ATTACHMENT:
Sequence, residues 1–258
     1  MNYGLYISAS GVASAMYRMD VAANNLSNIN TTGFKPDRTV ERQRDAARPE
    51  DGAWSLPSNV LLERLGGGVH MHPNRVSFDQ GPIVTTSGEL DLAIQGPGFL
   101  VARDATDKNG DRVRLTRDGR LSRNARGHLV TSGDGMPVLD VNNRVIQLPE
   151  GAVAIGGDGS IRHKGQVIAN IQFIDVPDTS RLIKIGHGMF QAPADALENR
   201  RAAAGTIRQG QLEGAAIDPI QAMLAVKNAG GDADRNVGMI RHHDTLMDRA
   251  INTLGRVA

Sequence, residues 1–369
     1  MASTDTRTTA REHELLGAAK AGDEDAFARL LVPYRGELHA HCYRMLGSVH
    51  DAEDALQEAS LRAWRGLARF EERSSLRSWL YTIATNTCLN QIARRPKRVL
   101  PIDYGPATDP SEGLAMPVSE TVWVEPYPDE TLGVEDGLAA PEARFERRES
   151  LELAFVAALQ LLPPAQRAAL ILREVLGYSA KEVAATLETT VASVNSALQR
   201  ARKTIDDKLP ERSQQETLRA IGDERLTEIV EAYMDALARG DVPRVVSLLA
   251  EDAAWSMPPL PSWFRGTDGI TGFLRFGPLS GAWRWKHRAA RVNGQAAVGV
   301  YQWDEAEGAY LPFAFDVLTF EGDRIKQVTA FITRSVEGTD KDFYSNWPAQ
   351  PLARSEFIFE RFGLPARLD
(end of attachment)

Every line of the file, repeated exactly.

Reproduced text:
Sequence, residues 1–258
     1  MNYGLYISAS GVASAMYRMD VAANNLSNIN TTGFKPDRTV ERQRDAARPE
    51  DGAWSLPSNV LLERLGGGVH MHPNRVSFDQ GPIVTTSGEL DLAIQGPGFL
   101  VARDATDKNG DRVRLTRDGR LSRNARGHLV TSGDGMPVLD VNNRVIQLPE
   151  GAVAIGGDGS IRHKGQVIAN IQFIDVPDTS RLIKIGHGMF QAPADALENR
   201  RAAAGTIRQG QLEGAAIDPI QAMLAVKNAG GDADRNVGMI RHHDTLMDRA
   251  INTLGRVA

Sequence, residues 1–369
     1  MASTDTRTTA REHELLGAAK AGDEDAFARL LVPYRGELHA HCYRMLGSVH
    51  DAEDALQEAS LRAWRGLARF EERSSLRSWL YTIATNTCLN QIARRPKRVL
   101  PIDYGPATDP SEGLAMPVSE TVWVEPYPDE TLGVEDGLAA PEARFERRES
   151  LELAFVAALQ LLPPAQRAAL ILREVLGYSA KEVAATLETT VASVNSALQR
   201  ARKTIDDKLP ERSQQETLRA IGDERLTEIV EAYMDALARG DVPRVVSLLA
   251  EDAAWSMPPL PSWFRGTDGI TGFLRFGPLS GAWRWKHRAA RVNGQAAVGV
   301  YQWDEAEGAY LPFAFDVLTF EGDRIKQVTA FITRSVEGTD KDFYSNWPAQ
   351  PLARSEFIFE RFGLPARLD